- Ensure that the watch is included in the fire prevention plan and the emergency action plan.
- Post signs for systems that use agents (e.g., carbon dioxide, Halon 1211, etc.) posing a serious health hazard.
How can you get more information on safety and health?
- To order OSHA publications online at www.osha.gov, go to Publications and follow the instructions for ordering.
- To file a complaint by phone, report an emergency, or get OSHA advice, assistance, or products, contact your nearest OSHA office under the U.S. Department of Labor listing in your phone book, or call toll-free at (800) 321-OSHA (6742). The teletypewriter (TTY) number is (877) 889-5627.
- To file a complaint online or obtain more information on OSHA federal and state programs, visit OSHA’s website.
This is one in a series of informational fact sheets highlighting OSHA programs, policies, or standards. It does not impose any new compliance requirements. For a comprehensive list of compliance requirements of OSHA standards or regulations, refer to Title 29 of the Code of Federal Regulations. This information will be made available to sensory-impaired individuals upon request. The voice phone is (202) 693–1999. See also OSHA’s website at www.osha.gov.
Be Prepared for a High-Rise Fire Emergency
- Never lock fire exits or doorways, halls or stairways. Fire doors provide a way out during the fire and slow the spread of fire and smoke. Never prop stairway or other fire doors open.
- Learn your building evacuation plan. Make sure everyone knows what to do if the fire alarm sounds. Plan and practice your escape plan together.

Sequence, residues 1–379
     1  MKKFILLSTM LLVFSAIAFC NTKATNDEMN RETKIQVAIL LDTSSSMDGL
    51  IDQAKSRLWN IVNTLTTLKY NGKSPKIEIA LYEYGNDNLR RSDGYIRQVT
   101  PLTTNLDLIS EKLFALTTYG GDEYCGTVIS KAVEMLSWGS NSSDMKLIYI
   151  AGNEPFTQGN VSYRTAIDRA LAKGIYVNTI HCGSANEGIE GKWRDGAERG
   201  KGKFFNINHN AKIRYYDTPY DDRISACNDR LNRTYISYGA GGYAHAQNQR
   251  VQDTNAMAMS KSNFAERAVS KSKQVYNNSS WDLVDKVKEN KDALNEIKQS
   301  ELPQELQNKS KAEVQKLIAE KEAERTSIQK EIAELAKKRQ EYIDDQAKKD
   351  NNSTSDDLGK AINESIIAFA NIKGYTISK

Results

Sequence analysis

- Be sure your building manager posts evacuation plans in high traffic areas, such as lobbies.
- Learn the sound of your building’s fire alarm and post emergency numbers near all telephones.
- Know who is responsible for maintaining the fire safety systems. Make sure nothing blocks these devices and promptly report any sign of damage or malfunction to the building management.
Do Not Panic in the Event of a High-Rise Fire Emergency
- Do not assume anyone else has already called the fire department.
- Immediately call your local emergency number. Early notification of the fire department is important. The dispatcher will ask questions regarding the emergency. Stay calm and give the dispatcher the information they request.
If the Door is Warm to the Touch
- Before you try to leave your apartment or office, feel the door with the back of your hand. If the door feels warm to the touch, do not attempt to open it. Stay in your apartment or office.
- Stuff the cracks around the door with towels, rags, bedding or tape and cover vents to keep smoke out.
- If there is a phone in the room where you are trapped, call the fire department again to tell them exactly where you are located. Do this even if you can see fire apparatus on the street below.
- Wait at a window and signal for help with a flashlight or by waving a sheet.
- If possible, open the window at the top and bottom, but do not break it, you may need to close the window if smoke rushes in.
- Be patient. Rescuing all the occupants of a high-rise building can take several hours.
If the Door is Not Warm to the Touch
- If you do attempt to open the door, brace your body against the door while staying low to the floor and slowly open it a crack. What you are doing is checking for the presence of smoke or fire in the hallway.
- If there is no smoke in the hallway or stairwells, follow your building’s evacuation plan.
- If you don’t hear the building’s fire alarm, pull the nearest fire alarm “pull station” while exiting the floor.
- If you encounter smoke or flames on your way out, immediately return to your apartment or office.
After a High-Rise Fire Emergency
- Once you are out of the building, STAY OUT! Do not go back inside for any reason.
- Tell the fire department if you know of anyone trapped in the building.
- Only enter when the fire department tells you it is safe to do so.
Maintain and Install Working Smoke Alarms
- No matter where you live, always install smoke alarms on every level of your home and inside and outside of sleeping areas. Test them monthly and change the batteries at least once a year. Remember, fire safety is your personal responsibility…Fire Stops With You!